We weren’t so obsessed with fast fashion, and while retailers like H&M and Zara were making headway around the world with cheaply made garments, there were still enough consumers happy to pay more for quality. Until 2004 there was a difference, too: high-end designer style hadn’t been democratized, not until Karl Lagerfeld began the first of many designer collaborations with H&M, giving rise to what this magazine called ‘accessible luxury’.
   We also weren’t as obsessed with the new. When Lucire was first established, some fashion labels were deeply wary of allowing online media to cover their catwalk shows. They were scared of counterfeiters: the sooner they could see something, the sooner the knock-offs would appear. The designers were used to having the advantage, and old media were willing to comply. Lucire, for its part, never ran the catwalk stories live: internet connections weren’t that great then, and neither was digital photography. By the time the film and prints got to New Zealand, and everything was manually laid out, there was a delay. But as coverage democratized, and as designers themselves delighted in showing every­thing live, often to “influencers” who beamed the shows instantaneously via social media, consumer demands also shifted. In an Instagramming generation, being seen with the latest is more vital than before—yet, again, one hopes that the perspective we’ve gained with the pandemic will put the brakes on that.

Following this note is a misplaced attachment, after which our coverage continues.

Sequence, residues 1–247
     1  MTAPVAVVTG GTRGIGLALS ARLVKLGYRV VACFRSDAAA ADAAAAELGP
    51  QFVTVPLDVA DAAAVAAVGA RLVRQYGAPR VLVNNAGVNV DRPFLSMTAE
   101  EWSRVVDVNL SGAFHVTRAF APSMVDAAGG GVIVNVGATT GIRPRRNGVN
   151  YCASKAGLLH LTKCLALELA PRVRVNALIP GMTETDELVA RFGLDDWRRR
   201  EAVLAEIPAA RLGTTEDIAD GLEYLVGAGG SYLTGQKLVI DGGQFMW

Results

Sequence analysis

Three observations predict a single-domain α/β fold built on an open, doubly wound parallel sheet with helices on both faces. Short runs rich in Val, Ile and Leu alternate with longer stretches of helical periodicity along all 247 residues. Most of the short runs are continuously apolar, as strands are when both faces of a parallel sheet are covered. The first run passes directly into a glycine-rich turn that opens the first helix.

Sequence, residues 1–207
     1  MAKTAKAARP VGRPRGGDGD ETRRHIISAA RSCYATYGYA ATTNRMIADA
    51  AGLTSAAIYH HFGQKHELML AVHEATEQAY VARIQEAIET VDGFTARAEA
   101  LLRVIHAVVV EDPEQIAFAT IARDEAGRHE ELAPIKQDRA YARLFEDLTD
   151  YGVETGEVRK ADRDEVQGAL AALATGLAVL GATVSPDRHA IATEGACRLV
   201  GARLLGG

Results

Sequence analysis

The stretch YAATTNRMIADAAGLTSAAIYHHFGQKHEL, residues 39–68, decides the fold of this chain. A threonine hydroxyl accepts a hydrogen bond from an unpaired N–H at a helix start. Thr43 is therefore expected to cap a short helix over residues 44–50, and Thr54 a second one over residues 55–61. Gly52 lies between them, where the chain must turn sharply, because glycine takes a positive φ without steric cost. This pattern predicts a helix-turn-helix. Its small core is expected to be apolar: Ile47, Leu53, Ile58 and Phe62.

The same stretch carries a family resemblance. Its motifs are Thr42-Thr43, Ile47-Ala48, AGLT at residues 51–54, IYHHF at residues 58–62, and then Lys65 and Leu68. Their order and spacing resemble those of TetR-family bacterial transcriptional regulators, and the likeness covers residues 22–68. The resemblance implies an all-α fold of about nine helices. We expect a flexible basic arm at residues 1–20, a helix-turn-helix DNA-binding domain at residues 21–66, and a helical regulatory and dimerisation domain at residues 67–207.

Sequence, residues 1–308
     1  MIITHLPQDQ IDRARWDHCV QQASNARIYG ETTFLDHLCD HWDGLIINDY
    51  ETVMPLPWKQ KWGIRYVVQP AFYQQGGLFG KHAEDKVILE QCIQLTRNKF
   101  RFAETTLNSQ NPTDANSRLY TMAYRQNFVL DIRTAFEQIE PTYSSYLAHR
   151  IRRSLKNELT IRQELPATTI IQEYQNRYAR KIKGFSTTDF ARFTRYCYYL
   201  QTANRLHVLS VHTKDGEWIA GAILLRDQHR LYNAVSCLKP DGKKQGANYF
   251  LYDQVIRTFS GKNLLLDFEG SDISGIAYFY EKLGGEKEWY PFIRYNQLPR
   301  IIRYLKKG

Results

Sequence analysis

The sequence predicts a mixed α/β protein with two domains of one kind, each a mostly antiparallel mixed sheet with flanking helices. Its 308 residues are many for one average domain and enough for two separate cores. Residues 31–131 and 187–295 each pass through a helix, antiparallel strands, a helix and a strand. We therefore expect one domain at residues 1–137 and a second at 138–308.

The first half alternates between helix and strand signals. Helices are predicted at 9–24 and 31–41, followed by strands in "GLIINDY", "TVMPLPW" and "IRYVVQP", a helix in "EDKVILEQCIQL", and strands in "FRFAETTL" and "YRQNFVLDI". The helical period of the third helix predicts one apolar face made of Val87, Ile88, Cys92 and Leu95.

We’re not exactly in Luddite position or pining for a return to the past. We’re excited about the innovations, such as Bionic, a polyester made from recycled shoreline waste that H&M, recognizing the shift, has promoted [Natalia Vodianova modelled one such dress three years ago, shown at top]; and the new sustainable materials that our clothes could be made from. But we would like to see the end of the race to the bottom which fast fashion and the insistence on novelty have driven, where garment workers are paid less and less to satisfy the profits of some brands and the appetites of some consumers.